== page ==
2002: The second-largest November tornado outbreak on record over the eastern United States occurred during the Veterans Day weekend of November 9-11th, 2002. Seventy-six tornadoes were reported in seventeen states. Of the 76 tornadoes, almost one out of every six was a killer, resulting in 36 fatalities.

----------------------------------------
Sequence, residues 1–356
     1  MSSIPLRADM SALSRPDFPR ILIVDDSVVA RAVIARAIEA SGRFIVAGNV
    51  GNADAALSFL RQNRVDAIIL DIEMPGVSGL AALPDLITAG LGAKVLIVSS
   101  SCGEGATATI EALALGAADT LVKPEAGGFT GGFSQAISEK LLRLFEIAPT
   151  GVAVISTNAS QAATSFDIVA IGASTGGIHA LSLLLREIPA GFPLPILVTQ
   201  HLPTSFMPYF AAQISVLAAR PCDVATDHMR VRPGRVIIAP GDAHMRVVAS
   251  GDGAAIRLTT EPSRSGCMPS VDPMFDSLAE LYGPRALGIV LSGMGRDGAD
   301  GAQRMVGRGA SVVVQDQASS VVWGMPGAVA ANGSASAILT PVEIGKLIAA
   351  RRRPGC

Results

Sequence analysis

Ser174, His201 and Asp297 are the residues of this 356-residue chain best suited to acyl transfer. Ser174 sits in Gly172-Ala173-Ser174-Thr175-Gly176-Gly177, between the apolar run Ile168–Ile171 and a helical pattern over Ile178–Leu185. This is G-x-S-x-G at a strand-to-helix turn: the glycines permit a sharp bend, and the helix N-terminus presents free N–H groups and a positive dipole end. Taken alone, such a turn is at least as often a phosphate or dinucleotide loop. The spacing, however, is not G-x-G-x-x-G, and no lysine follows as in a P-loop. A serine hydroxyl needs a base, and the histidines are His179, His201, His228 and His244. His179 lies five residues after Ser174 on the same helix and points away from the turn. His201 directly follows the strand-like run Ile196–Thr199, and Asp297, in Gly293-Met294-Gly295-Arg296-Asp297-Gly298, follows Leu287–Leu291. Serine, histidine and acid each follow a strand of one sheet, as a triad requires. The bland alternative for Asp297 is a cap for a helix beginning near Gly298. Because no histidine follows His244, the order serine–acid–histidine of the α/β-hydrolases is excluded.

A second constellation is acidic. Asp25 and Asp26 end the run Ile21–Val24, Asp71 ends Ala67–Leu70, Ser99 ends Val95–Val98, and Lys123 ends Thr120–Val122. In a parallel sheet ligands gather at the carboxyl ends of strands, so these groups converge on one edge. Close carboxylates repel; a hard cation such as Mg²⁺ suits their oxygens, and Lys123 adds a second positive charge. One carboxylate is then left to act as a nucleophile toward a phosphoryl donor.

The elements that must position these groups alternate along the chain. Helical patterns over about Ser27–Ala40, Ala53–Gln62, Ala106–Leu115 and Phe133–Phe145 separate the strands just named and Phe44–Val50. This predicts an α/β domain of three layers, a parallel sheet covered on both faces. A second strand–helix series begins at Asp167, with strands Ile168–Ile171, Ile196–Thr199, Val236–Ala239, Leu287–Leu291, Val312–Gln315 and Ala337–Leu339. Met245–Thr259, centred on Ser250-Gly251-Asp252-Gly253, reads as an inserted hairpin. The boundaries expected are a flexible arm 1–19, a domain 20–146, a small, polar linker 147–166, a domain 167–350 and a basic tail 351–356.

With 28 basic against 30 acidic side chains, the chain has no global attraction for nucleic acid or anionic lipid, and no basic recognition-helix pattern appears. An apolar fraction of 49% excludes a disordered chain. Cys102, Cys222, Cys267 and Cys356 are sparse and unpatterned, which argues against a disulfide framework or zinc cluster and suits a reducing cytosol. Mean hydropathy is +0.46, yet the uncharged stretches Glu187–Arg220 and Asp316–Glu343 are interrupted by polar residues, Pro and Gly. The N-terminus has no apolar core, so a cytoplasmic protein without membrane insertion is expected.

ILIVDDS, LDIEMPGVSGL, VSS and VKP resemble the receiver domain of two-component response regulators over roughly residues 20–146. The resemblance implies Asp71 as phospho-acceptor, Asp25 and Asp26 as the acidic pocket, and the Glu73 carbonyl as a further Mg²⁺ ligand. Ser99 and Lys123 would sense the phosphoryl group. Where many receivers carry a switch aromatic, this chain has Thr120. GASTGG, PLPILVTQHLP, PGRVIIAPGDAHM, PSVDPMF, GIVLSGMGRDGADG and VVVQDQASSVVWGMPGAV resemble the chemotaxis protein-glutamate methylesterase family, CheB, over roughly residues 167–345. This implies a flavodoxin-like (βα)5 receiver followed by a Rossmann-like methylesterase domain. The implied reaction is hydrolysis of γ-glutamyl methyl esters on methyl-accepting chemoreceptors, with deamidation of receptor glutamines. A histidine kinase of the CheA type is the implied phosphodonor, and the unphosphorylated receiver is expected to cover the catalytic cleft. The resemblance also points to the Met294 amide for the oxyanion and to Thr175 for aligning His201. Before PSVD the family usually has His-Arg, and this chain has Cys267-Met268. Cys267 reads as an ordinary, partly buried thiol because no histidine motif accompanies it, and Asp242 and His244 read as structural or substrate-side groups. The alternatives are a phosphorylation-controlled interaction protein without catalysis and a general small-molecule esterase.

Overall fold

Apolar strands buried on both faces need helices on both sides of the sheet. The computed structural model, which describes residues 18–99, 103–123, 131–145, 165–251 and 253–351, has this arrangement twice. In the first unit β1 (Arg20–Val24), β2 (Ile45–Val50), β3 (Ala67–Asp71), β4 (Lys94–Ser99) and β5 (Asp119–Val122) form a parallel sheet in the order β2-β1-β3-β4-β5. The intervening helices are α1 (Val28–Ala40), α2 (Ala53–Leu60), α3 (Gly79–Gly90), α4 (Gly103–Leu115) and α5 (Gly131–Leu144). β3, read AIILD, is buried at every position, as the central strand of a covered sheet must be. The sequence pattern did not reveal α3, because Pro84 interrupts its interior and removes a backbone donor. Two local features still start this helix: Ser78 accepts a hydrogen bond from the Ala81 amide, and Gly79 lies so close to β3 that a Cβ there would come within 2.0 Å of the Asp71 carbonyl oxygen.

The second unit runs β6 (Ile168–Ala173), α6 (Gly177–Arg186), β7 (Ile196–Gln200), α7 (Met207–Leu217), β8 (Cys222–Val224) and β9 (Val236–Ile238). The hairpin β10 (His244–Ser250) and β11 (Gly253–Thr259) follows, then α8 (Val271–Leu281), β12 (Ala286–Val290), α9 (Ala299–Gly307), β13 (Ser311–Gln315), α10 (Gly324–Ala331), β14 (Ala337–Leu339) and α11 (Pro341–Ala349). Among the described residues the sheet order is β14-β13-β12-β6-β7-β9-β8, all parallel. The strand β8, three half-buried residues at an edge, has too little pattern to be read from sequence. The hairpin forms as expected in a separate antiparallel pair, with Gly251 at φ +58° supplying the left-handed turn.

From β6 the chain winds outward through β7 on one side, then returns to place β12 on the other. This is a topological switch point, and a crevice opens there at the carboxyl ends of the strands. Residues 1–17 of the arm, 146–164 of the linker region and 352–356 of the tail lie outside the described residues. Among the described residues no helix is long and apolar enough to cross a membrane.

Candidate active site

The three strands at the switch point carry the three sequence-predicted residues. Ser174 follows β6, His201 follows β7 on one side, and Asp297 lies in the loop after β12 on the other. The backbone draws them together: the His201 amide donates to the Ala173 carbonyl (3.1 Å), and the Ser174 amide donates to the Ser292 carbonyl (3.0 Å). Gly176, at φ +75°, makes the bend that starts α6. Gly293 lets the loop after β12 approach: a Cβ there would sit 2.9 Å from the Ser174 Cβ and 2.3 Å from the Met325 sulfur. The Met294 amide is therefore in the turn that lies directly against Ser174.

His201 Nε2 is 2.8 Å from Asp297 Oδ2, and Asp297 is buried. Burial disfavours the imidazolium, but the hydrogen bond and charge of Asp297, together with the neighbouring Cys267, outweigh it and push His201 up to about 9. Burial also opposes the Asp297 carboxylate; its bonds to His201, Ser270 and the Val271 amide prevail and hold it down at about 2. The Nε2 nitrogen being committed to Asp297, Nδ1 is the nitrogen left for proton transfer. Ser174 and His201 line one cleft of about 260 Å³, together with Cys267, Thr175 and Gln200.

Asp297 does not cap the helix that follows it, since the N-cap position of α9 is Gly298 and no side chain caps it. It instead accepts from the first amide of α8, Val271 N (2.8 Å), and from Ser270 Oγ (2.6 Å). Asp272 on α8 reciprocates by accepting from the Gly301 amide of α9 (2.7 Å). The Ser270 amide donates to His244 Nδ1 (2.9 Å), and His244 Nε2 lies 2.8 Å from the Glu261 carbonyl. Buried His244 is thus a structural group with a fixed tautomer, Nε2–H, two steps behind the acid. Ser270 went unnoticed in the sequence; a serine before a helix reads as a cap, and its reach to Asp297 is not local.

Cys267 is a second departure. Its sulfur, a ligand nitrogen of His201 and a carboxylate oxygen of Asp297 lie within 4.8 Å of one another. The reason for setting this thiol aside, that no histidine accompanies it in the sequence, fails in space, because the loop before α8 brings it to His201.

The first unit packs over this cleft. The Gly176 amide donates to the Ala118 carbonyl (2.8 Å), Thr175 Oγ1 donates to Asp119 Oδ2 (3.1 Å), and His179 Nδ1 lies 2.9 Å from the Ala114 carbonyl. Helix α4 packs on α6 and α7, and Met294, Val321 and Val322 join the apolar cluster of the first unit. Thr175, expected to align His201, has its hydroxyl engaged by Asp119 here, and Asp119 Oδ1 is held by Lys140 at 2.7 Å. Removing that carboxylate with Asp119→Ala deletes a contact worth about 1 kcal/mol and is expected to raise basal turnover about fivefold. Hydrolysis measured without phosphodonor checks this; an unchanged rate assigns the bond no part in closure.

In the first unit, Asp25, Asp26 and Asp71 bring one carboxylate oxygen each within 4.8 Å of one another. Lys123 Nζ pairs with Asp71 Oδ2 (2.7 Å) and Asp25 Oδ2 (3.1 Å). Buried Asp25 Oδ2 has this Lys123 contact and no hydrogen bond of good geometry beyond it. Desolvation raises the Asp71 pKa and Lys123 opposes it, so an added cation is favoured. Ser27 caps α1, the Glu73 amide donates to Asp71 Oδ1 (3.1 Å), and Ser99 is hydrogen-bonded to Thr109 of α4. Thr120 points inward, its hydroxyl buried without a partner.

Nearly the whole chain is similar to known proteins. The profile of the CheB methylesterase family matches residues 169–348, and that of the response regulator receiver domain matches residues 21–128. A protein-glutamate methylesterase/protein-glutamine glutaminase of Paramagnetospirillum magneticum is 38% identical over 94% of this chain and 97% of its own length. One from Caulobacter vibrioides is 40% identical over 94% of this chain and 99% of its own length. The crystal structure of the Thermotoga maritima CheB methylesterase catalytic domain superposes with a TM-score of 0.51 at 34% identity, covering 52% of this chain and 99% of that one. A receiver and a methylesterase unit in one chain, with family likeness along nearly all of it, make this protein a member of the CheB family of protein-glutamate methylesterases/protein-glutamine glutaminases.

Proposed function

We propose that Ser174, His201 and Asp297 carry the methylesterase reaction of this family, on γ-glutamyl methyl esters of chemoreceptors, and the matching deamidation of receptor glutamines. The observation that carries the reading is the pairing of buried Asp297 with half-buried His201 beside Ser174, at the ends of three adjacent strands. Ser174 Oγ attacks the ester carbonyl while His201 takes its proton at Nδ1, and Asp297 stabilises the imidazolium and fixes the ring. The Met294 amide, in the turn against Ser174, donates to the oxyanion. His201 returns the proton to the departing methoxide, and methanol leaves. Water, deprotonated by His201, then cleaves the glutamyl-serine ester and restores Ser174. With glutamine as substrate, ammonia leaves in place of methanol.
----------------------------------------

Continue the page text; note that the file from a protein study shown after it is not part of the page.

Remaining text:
A band of some rain has developed this morning on an axis extending from near Muskegon, and toward the NE. This rain is the result of the southern tail of a fairly robust short wave that is moving by to our north. Most of the moisture this wave has to work with is up above 6k ft agl. However, some of the pockets are a bit heavier and are allowing the rain to reach the ground. This band of rain should be fairly quickly to dissipate in the next 2-4 hours as the short wave zips further NE away from the area. We will see a break in the precipitation then for this morning and into the early afternoon hours as a weak short wave ridge moves through the area.After this short wave ridge moves by, another fairly strong wave takes aim on Southern Lower for this afternoon and evening. The short wave itself does not have a lot of moisture associated with it. What will happen though is the lake contribution will supply enough instability (Delta t`s mid to upper teens C) and moisture for some lake effect showers to develop. The majority of the showers will occur over the western half of the area with the low level flow from the WNW and lake instability present. These showers do not look to be widespread, or impactful. The reason this is the case is forecast soundings indicate that inversion levels are going to be fairly low around 5k ft or so. This will keep the showers relatively weak. Inland areas could see a couple of showers develop with the diurnal instability present with cooler temps aloft overhead. They would diminish quickly inland after the heating of the day is lost. The lake effect showers will continue through tonight, and into the first part of Saturday, before ending as high pressure builds in at the surface, and 850 mb temps climb to around 0C Saturday evening. -Dry Conditions Through Late Next Week- Shortwave ridging builds into the area during the day on Saturday ending any lingering lake effect showers across the area. A warm front then moves across Michigan early Sunday. However, examining relative humidity cross sections suggests that while saturation does occur aloft, low level moisture is relatively lacking. This would limit any precipitation to virga. As such, will keep the outgoing forecast dry. However, if models trend toward increasing low-level moisture then PoPs may need to be adjusted upward. A robust area of high pressure and ridging aloft builds into the area Monday into Tuesday (by 00z Tuesday 850 mb heights in the NAEFS reach the 97.5th-99th percentile across southern Michigan). Ridging aloft persists along with southerly return flow at the surface as the high moves east into the middle of next week with minimal deep layer moisture promoting dry conditions. Keeping the forecast dry through Thursday evening as given the expected 500 mb height anomalies in play think the deterministic ECMWF solution which is the source of the slgt chc NBM PoPs is overdone. A vast majority of ensemble members also support a dry forecast through this time. An approaching system brings our next chance of any precipitation in the Thursday Night/Friday timeframe. -Warming Trend Expected Next Week- The aforementioned ridging also leads to the initiation of warm air advection across the Central Great Lakes, especially once southerly return flow on the rear of the surface ridge initiates Tuesday. 850 mb temperatures climb into the 8-10 degrees Celsius range by late week, which would support highs into the fifties easily. There doesn`t appear to be any notable cold air advection to cool the airmass through the end of the long term so warm temperatures remain through the end of the long term period. Ensembles continue to support this with the increase in ensemble mean temperatures in recent runs supporting increasing confidence in this solution. This would lead to temperatures being above normal next week (normal is highs around 50 degrees).